One of the most rewarding experiences of my job as a first-year teacher was encouraging kids to write. One of my professors gave us an assignment called, Daily Warm-Ups. I chose to turn this into a math/literacy assignment which I will refer to as, Everyday Math. The idea of daily warm-ups is to engage students with short activities that require reading and writing at the beginning of every lesson, each day of the week. These daily warm-ups can be based on any subject. I chose math as my subject because it coordinated with my alternative licensing unit plan for my Colorado Work Sample and Portfolio requirements. This also happened to tie-in very nicely with my Math Literacy assignment which I wrote about earlier this week.
My professor’s motivation behind daily warm-ups is that each day of the week, there is a quick lesson activity to help students get engaged with reading, writing and putting actual, real-life learning behind each lesson. My professor also required that a challenge problem be included at least once during the week. An everyday math warm-up was perfect for my daily plan which already included daily math problems at the start of each math lesson.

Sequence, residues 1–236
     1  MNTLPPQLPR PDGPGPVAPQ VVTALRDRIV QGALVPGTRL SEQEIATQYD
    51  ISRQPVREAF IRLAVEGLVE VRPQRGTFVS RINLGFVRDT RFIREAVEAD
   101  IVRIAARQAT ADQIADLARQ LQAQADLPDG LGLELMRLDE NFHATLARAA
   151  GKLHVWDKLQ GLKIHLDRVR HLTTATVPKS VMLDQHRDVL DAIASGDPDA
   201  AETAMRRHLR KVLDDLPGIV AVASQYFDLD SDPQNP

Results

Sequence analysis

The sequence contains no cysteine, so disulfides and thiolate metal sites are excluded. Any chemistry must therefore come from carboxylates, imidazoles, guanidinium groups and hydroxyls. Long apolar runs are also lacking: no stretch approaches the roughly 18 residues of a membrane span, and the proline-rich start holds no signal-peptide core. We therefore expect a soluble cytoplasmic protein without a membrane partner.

Using Everyday Math with Story Problems
To tell you the truth, the everyday routine of assigning raw numbers, adding, subtracting, multiplying, dividing, fractions, etc., was getting a little bit stale in the class room. What really brought this to light, though, was how my students struggled with story problems. Even some of the brightest, most ambitious students struggled to solve math when it involved literacy and a story. I found it rather alarming that the mathematics rules, calculations and formulas I was teaching were not making any practical sense for most of my students. I was too quick to assume that they were understanding the actual purpose of the math problems they were asked to do everyday. The word problems often proved that they didn’t know when to divide or when to multiply or when to subtract or when to add. Learning the algorithms is only one tool in learning the use of mathematics in a practical way. For this reason, I continued to add real-life story problems into their daily, every day math routine. This is when I began to notice a very positive flip-side to this whole dilemma. The story problems were helping kids who previously struggled with the calculations. Literacy is the not only the key to making practical sense out of everyday math, but helps enforce the formulas and calculations by teaching how, why, and when they are used. Bringing this all to light, made me all the more anxious to put forth some extra effort and creativity into our daily math routine. Unfortunately, our old routine was making the daily math seem more like a routine chore to students rather than a fresh learning experience. I was faced with a new challenge where I had to not only increasing interest and motivation of the students, but make it seem interesting, fresh and new.